As the people finally return home after this long exile, the prophet reminds them it is God who has saved them, God who has set them free from their captivity, and that now it is God who is preparing the way for them to go home. Though the people had been unfaithful to God, had turned their backs on God, the God of Israel had always remained faithful to them.

Now God is leveling all the immovable obstacles which like mountains had blocked their way home. Now God is filling up the valleys of their despair with the hope of new life. The God of their ancestors who had made a way forward where there was no way by parting the waters of the Red Sea, now makes a way for them to return home. Their long captivity is at an end.

How could they not shout out for joy, proclaiming to the world all that God had done to save them! So, the prophet Isaiah urges the people to tell the whole world what God has done. “Zion, herald of glad tidings! Cry out at the top of your voice! Jerusalem, herald of good news!” (Isaiah 40:9)

The same Greek word which expressed the glad tidings and good news of Isaiah is translated by the evangelist Mark as “gospel.” In the very first verse of Mark’s proclamation we hear: “The beginning of the gospel of Jesus Christ, the Son of God.” Mark the evangelist is the first one to tell the “Greatest Story Ever Told” and he is the first one to use that word—gospel—for such an account.

Translating the word “gospel” as good news or glad tidings, fails to capture the power of what Mark is trying to convey. Perhaps the best way to translate these first words from the first evangelist is: A Cry of Joy,” yes, “A Cry of Joy about Jesus Christ, the Son of God.”

Mark’s passion is for us to know Jesus as he knows Jesus, and in doing so, to have our hearts erupt in a shout of joy over what God has done for us in His Son. This joy is like the cry of joy from a man saved from certain death. It is like the cry of joy from a woman giving birth to her child. It is like the cry of joy from a soldier and his family reuniting after a long separation.

Mark uses the same Greek word as Isaiah did for glad tidings and good news to connect the God of Israel with the God of Jesus Christ. The Good News Mark shares is about Jesus, who reveals the good news about who God is and that God’s reign has begun on earth. Isaiah and the people of Israel shout and dance for joy because God has set them free and made a way for them to go home. The people of Jesus’ day and ever after sing and leap for joy because in the very person of Jesus the Good News of who God is has been revealed.

In Jesus, we encounter God acting, God speaking, and the beginning of God’s reign. The Season of Advent is a time to welcome God present in our world in Jesus through the Holy Spirit, to recognize that in the person of Jesus Christ, the Kingdom of God breaks into the world and takes root here. Everything, and I do mean everything, has changed forever, because in Jesus God shouts for Joy because of his love for all humanity.

With the coming of Jesus, time is fulfilled, for the moment all humanity has been waiting for has arrived. The rule of God can actually be seen and heard, touched and known, here and now. Jesus gives us a glimpse of heaven where there is food enough for all as he multiplies the loaves and feeds the multitudes; where disease will not destroy us as he heals the woman who had suffered from hemorrhages for 12 long years, and where death has no power over us as he lifts up a 12-year old girl from her deathbed.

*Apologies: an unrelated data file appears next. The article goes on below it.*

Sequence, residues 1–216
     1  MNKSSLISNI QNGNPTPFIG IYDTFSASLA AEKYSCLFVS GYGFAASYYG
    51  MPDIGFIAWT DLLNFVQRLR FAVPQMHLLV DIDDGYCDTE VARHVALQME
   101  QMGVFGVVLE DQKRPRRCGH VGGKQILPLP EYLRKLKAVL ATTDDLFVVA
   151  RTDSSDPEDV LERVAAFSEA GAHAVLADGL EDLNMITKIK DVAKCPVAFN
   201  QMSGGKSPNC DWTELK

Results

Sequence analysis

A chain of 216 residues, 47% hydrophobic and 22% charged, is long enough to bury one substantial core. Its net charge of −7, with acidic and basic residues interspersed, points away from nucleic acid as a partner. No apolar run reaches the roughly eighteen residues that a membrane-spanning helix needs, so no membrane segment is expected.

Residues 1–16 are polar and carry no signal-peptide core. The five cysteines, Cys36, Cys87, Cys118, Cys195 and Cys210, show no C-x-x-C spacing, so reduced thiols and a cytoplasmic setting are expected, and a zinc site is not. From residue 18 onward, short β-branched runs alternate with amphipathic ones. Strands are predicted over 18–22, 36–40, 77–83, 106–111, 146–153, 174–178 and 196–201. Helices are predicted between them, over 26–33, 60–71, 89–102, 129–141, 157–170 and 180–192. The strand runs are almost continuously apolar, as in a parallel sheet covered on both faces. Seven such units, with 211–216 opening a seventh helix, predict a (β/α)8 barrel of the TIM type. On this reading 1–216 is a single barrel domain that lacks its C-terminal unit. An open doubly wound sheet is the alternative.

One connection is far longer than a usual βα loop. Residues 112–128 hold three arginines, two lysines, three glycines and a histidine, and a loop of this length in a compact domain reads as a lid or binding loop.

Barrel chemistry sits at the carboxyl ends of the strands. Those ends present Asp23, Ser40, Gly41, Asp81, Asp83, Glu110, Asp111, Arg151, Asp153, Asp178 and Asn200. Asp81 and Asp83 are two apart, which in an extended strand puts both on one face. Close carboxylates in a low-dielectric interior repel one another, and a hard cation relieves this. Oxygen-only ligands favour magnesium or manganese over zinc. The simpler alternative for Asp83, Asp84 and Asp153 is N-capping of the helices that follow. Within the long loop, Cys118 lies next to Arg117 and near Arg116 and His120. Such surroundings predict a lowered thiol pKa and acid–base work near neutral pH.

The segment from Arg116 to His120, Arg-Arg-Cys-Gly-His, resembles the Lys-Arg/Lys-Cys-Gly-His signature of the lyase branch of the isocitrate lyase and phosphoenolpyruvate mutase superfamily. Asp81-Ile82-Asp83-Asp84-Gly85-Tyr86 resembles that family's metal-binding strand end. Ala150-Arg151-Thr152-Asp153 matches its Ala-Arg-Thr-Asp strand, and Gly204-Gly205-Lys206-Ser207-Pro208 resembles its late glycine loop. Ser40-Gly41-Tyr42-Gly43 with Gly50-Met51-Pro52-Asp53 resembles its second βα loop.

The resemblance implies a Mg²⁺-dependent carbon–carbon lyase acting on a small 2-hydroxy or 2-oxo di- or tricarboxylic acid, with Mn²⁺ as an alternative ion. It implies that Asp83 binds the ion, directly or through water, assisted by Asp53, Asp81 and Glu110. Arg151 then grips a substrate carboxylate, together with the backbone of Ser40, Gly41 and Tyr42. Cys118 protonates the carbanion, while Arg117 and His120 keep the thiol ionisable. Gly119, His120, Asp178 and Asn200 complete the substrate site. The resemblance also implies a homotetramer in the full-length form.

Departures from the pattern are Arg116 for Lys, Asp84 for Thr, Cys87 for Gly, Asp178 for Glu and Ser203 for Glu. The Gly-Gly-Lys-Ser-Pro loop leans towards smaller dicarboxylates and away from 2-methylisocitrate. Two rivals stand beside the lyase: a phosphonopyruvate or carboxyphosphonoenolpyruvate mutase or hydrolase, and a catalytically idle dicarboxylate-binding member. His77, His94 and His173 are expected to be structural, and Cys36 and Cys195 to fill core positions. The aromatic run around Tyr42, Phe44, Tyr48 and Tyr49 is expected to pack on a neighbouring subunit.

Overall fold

As we follow Jesus in the year ahead, the Year of Mark, the evangelist wants us to know without a doubt that in Jesus God’s long-awaited reign on earth has begun, continued into Mark’s day and continues into ours as well.

Mark has experienced God’s reign in Jesus’ person and writes his gospel to transfer this experience to us. It is the awesome goodness of God that beats at the heart of Jesus’ mission. It is the mercy of God which propels him into our world to embrace the world’s pain. It is in the person of Jesus Christ that the good news of God actually exists.

Those are some of the first words from the mouth of Jesus in Mark’s Gospel: “Repent and believe in the good news.” Thus, we are called by Jesus to believe in this good news, to trust in God’s goodness revealed in his very person. This trust is the foundation for true repentance, not repentance by feeling sorry for this or that bad word or deed, but repentance as a change in the way we think about God, which leads to a change in the way we live our life.

It makes no sense with God now among us in Jesus to do anything except align ourselves, our whole selves, everything we have and are, with God’s rule. To recognize that our politics are not the Gospel and that our politicians are not God!

For the goodness of God in Jesus challenges us to realign our prideful posturing. The mercy of God in Jesus challenges us to recalibrate our ethical thresholds. The love of God in Jesus challenges us to remanufacture our principled priorities.

So, this Advent spend less time with your Facebook news posts and more time reading the Gospel of Mark. Set aside your social media during Advent and pray with the account of the good news found in Mark.

The Son of God is coming to us during this Season of Advent, but we are looking in the wrong direction—toward the “bad news”. Advent invites us to turn around and welcome Him who is Good News and trust that He alone can save us, that He alone can free us from all that enslaves us.

Then as we lean into the glad tidings of God and let go, we trust that we will be caught by the Good Shepherd who will carry us home.